CLO market shows signs of life

The ‘nice’ decade is over says Mervyn King, the governor of the Bank of England. He’s said this twice before over the past four years, but with housing prices falling across most of the UK and in some parts of Europe, inflation on the rise and consumer spending down, people are taking more notice this time, and when for King ‘nice’ means “non-inflationary consistently expansionary”, it’s hard to argue.

However, there are some signs that the worst of the crunch may be coming to an end. Indeed, around two weeks before King made his speech, the Bank of England released its Financial Stability Report in which it argued that confidence will return to the banking system over the next couple of months. The Bank has also made money available to UK banks to help them free up their balance sheets, which in turn has led to a number of institutions, Lloyds TSB and HBOS among them, raising £7.9bn from the debt markets.

Added to this is the re-appearance of the collateralised loan obligation (CLO).

CLOs were early casualties in the sub-prime fallout. Total CDO volumes were US$23.3bn this year to the end of Apri,l according to Morgan Stanley, down from US$207bn in the same period last year with CLOs accounting for the vast majority.

Ian Hazelton, head of Babson Capital Europe, a UK leveraged loan investor, says the reason for this was because “CLOs have been used to fund all sorts of things, from sub-prime mortgages to credit cards. There’s nothing wrong with the underlying aspects of the CLOs, it’s contagion from these markets. Investors have been badly burnt.”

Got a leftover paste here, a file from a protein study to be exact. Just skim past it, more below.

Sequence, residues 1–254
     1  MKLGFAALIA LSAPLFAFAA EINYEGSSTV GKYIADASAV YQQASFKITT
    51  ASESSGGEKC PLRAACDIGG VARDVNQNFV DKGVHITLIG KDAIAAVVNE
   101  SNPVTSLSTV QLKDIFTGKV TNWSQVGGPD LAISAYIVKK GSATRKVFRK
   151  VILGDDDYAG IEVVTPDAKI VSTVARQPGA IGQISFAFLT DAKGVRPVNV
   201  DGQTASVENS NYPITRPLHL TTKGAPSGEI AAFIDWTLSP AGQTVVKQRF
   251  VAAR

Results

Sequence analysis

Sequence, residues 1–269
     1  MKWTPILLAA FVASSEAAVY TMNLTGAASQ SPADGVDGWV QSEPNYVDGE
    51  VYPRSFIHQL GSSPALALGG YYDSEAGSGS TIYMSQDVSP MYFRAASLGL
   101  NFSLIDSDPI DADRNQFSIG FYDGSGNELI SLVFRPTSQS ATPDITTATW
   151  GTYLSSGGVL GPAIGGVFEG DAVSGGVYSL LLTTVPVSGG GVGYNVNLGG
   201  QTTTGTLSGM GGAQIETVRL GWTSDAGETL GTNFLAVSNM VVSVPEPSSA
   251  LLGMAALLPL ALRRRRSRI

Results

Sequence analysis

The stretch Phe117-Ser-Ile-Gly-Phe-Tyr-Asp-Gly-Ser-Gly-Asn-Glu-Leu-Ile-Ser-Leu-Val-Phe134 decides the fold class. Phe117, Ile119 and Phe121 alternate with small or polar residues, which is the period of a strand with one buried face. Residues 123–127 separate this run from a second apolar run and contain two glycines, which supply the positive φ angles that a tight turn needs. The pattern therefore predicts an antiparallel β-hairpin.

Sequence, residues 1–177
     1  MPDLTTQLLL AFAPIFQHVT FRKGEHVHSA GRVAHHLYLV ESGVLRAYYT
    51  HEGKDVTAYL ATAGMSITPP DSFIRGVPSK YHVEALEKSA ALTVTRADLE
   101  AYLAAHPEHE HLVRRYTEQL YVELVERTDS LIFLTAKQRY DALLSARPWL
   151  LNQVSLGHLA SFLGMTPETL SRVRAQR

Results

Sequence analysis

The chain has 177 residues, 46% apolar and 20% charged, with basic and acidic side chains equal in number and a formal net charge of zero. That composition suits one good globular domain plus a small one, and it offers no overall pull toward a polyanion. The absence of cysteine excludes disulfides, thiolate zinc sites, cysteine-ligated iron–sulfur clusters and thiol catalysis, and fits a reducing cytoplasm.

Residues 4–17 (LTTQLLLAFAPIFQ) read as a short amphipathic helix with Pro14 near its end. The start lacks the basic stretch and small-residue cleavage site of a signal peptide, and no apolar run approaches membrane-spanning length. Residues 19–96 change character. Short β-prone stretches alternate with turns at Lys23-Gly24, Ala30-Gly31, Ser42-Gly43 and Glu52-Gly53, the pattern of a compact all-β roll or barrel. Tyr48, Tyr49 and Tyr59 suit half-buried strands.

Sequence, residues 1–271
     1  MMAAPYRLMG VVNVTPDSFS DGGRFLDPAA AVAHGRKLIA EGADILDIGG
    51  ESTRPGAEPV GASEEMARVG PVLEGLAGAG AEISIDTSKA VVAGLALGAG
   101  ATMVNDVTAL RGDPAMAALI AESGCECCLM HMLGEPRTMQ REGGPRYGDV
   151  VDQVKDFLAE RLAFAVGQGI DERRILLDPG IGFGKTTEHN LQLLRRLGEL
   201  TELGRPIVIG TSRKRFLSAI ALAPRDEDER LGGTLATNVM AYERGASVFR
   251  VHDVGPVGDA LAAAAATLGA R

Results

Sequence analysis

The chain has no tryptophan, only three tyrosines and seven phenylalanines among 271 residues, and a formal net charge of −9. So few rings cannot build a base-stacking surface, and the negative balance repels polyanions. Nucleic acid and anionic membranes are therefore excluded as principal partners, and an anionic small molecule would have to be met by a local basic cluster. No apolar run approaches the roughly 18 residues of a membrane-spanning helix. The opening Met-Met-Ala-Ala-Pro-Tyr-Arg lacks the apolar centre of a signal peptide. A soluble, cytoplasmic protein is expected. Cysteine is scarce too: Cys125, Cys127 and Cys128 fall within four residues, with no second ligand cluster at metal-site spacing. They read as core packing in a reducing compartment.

The launch of two new funds in May could indicate that the financial markets are settling down and returning to some sort of normality. Avoca Capital has launched the first European leveraged loans CLO since the credit crunch began last summer, with a €300m package of bonds. The second to emerge is Harbourmaster, a €485m CLO.

These are the first arbitrage deals since the credit crunch – CLOs have either been collections of leveraged loans unwanted by investment banks or restructured CLOs that had been badly affected by the financial turmoil. Whilst there are concerns over just how new these loans really are – Hazelton suggests there are “legacy issues” as the funds have some hung loans on their books – it is at least a step in the right direction. “It’s nice to see some life in the market but I still think it’s too early to say the CLO market is improving. Pricing levels are still unattractive,” said Hazelton.

Despite the hostile market conditions, there are opportunities out there. Historically leveraged loans are the least volatile and more secure layer in a capital structure. The sub-prime crisis placed tremendous pressure on the leveraged loan marketplace and the wider credit market. This made CLOs more expensive – as investors shied away from such vehicles, spreads rose.

The increase in the cost of funding and the decrease in the value of the underlying assets resulted in the banks cutting their losses and liquidating their CLO warehouses – the term used to describe the collections of loans a bank holds before it launches a managing CLO. This liquidation of CLOs combined with the mass sale of leverage loans on the secondary market by commercial banks concerned about their own exposure to sub-prime mortgages, which led to a downturn in secondary pricing.

Prices settled temporarily before slumping again at the end of 2007 and the beginning of 2008 when secondary pricing fell modestly as a result of renewed economic fears which forced a number of funds to sell their assets as the market values hit ‘triggers’ established in advance and designed to protect investors. Each sale squeezed secondary prices further, which in turn led to more triggers being pulled, and so on.

Trading levels for leveraged loans in the secondary market today are lower than in the 2002-03 downturn, despite a default rate of less than 2% compared to almost 11% five to six years ago. However, the risk that things could get much worse more quickly remains. In 2007 there were 22 defaults globally – by mid-May, the figure for 2008 was already 28, worth some US$18.9bn debt according to rating agency Standard & Poor’s.

In such an environment, it is only the very experienced who are likely to launch CLOs and succeed. Unusually low prices make it an ideal opportunity for those investors who understand the precise nature of the risk-reward profile of the current leveraged loan market.